lcaotddft.rst 16.6 KB
Newer Older
1 2
.. _lcaotddft:

3 4 5
================================
Time-propagation TDDFT with LCAO
================================
6

7
This page documents the use of time-propagation TDDFT in :ref:`LCAO
8
mode <lcao>`. The implementation is described in Ref. [#Kuisma2015]_.
9

10
Real-time propagation of LCAO functions
kuismam's avatar
kuismam committed
11 12
=======================================

13 14 15
In the real-time LCAO-TDDFT approach, the time-dependent wave functions are
represented using the
localized basis functions `\tilde{\phi}_{\mu}(\mathbf r)` as
kuismam's avatar
kuismam committed
16 17 18

.. math::

19
  \tilde{\psi}_n(\mathbf{r},t) = \sum_{\mu} \tilde{\phi}_{\mu}(\mathbf{r}-\mathbf{R}^\mu) c_{\mu n}(t) .
kuismam's avatar
kuismam committed
20

21
The time-dependent Kohn--Sham equation in the PAW formalism can be written as
kuismam's avatar
kuismam committed
22 23 24 25 26

.. math::

  \left[ \widehat T^\dagger \left( -i \frac{{\rm d}}{{\rm d}t} + \hat H_{\rm KS}(t) \right) \widehat T \right]  \tilde{\Psi(\mathbf{r},t)} = 0.

27 28
From this, the following matrix equation can be derived for the
LCAO wave function coefficients:
kuismam's avatar
kuismam committed
29 30 31 32

.. math::
  {\rm i}\mathbf{S} \frac{{\rm d}\mathbf{C}(t)}{{\rm d}t} = \mathbf{H}(t) \mathbf{C}(t).

33 34 35 36 37 38
In the current implementation, `\mathbf C`, `\mathbf S` and
`\mathbf H` are dense matrices which are distributed using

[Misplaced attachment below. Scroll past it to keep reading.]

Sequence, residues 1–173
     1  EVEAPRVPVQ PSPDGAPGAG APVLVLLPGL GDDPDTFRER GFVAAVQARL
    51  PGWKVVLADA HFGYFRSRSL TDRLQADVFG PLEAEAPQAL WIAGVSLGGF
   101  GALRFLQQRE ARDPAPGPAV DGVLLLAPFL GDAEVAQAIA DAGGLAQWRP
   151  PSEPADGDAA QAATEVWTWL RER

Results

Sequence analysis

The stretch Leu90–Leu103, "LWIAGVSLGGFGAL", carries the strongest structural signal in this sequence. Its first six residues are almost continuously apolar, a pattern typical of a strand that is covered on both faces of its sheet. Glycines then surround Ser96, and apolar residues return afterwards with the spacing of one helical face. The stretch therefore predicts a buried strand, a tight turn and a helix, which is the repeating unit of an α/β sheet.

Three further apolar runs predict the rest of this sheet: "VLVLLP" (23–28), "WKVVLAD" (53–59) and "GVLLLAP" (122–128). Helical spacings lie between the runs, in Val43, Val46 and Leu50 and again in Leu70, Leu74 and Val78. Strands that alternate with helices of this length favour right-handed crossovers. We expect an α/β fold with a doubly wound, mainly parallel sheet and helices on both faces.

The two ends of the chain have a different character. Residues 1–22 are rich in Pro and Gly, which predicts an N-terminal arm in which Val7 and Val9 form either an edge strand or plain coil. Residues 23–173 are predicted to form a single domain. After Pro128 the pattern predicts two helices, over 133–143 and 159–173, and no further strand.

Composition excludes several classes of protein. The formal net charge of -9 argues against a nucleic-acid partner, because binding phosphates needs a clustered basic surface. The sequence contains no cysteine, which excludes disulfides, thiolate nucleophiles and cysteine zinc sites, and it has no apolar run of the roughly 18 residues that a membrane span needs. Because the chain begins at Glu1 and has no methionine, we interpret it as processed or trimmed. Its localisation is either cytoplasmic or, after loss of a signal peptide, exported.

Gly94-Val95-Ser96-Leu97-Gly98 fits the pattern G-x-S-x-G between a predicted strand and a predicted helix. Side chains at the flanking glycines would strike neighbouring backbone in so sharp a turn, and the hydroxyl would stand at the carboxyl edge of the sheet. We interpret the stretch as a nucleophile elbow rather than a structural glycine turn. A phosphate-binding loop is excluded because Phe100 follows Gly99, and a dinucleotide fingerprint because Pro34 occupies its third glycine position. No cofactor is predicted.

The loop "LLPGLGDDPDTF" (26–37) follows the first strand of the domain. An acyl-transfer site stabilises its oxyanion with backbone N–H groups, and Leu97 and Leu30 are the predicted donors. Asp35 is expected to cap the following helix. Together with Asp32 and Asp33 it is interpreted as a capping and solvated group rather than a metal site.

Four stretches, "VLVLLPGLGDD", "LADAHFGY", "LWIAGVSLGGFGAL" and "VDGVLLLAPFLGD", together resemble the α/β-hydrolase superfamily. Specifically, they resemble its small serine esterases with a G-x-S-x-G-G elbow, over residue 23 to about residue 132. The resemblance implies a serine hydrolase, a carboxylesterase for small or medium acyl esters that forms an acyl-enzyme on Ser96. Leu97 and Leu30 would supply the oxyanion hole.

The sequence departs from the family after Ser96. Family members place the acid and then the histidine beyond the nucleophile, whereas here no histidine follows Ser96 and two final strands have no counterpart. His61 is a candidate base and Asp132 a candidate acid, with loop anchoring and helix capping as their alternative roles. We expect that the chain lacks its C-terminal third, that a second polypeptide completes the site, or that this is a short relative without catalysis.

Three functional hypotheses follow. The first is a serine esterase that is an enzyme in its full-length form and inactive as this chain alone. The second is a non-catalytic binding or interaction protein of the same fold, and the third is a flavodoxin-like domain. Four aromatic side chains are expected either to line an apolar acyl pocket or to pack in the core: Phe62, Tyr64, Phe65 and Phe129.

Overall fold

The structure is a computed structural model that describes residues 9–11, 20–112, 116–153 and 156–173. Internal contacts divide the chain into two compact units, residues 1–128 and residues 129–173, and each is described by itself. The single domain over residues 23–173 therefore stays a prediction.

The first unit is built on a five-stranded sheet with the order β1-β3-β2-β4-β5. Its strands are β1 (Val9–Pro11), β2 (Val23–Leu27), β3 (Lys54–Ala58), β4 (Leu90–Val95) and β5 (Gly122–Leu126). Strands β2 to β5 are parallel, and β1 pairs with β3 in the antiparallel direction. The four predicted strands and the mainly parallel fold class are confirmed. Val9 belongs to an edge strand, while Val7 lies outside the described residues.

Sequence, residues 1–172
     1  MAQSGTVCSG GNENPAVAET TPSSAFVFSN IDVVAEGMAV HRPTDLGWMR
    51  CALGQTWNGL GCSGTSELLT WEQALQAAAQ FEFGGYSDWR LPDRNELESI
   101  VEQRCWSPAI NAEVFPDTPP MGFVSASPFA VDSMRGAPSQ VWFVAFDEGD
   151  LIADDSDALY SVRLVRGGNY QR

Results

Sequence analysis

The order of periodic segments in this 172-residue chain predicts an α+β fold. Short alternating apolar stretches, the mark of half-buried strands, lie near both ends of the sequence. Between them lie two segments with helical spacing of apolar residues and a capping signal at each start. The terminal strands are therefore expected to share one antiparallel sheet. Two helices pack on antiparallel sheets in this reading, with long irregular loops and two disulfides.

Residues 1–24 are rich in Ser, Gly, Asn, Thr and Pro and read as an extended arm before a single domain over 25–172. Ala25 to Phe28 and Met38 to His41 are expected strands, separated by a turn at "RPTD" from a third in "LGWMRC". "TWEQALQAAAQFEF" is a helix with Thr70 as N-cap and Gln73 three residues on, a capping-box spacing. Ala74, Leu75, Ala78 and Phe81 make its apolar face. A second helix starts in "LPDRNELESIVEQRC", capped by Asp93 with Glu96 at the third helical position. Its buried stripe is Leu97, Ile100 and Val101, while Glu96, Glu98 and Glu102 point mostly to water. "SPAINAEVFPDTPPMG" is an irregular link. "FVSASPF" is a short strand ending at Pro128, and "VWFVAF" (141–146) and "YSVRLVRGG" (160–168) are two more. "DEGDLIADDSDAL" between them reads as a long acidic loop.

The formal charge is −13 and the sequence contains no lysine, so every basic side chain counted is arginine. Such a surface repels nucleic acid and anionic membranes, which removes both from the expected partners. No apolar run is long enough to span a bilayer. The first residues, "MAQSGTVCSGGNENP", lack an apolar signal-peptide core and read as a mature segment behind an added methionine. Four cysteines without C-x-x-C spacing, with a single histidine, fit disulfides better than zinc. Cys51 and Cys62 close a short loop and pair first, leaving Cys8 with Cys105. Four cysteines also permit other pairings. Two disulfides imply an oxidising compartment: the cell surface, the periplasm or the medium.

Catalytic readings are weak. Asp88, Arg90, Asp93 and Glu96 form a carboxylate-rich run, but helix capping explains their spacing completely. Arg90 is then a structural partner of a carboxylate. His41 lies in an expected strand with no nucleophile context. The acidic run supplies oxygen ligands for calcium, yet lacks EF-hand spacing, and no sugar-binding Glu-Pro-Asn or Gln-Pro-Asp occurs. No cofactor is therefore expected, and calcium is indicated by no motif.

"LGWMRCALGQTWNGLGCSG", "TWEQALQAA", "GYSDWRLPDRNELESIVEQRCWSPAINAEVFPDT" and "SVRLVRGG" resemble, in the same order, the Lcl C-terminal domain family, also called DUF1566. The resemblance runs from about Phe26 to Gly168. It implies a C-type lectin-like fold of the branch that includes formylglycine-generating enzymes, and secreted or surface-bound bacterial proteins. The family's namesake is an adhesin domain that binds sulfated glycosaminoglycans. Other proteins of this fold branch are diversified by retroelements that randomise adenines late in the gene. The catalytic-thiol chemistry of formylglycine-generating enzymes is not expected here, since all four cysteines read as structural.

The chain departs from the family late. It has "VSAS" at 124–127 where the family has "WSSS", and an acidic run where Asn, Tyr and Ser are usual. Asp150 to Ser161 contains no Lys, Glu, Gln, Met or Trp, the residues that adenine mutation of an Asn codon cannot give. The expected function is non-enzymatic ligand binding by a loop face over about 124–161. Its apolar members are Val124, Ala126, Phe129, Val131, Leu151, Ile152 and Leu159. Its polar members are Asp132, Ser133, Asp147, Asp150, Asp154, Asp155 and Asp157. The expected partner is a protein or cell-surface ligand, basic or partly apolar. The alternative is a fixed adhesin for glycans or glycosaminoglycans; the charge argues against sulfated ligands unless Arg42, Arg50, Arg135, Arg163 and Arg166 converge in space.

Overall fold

ScaLAPACK/BLACS.  Currently, a semi-implicit Crank--Nicolson method (SICN) is
used to propagate the wave functions. For wave functions at time `t`, one
propagates the system forward using `\mathbf H(t)` and solving the
linear equation
kuismam's avatar
kuismam committed
39 40 41

.. math::

42
  \left( \mathbf{S} + {\rm i} \mathbf{H}(t) {\rm d}t / 2 \right) \mathbf{C}'(t+{\rm d}t) = \left( \mathbf{S} - {\rm i} \mathbf{H}(t) {\rm d}t / 2 \right) \mathbf{C}(t).
kuismam's avatar
kuismam committed
43

44 45 46
Using the predicted wave functions `C'(t+\mathrm dt)`, the
Hamiltonian `H'(t+\mathrm dt)` is calculated and the Hamiltonian at
middle of the time step is estimated as
kuismam's avatar
kuismam committed
47 48 49

.. math::

50
   \mathbf{H}(t+{\rm d}t/2) = (\mathbf{H}(t) + \mathbf{H}'(t+{\rm d}t)) / 2
kuismam's avatar
kuismam committed
51

52 53
With the improved Hamiltonian, the wave functions are again propagated
from `t` to `t+\mathrm dt` by solving
kuismam's avatar
kuismam committed
54

kuismam's avatar
kuismam committed
55 56
.. math::

57
  \left( \mathbf{S} + {\rm i} \mathbf{H}(t+{\rm d}t/2) {\rm d}t / 2 \right) \mathbf{C}(t+{\rm d}t) = \left( \mathbf{S} - {\rm i} \mathbf{H}(t+{\rm d}t/2) {\rm d}t / 2 \right) \mathbf{C}(t).
58

59 60
This procedure is repeated using 500--2000 time steps of 5--40 as to
calculate the time evolution of the electrons.
61

62

63 64 65 66
.. _example:

Example usage
=============
kuismam's avatar
kuismam committed
67

68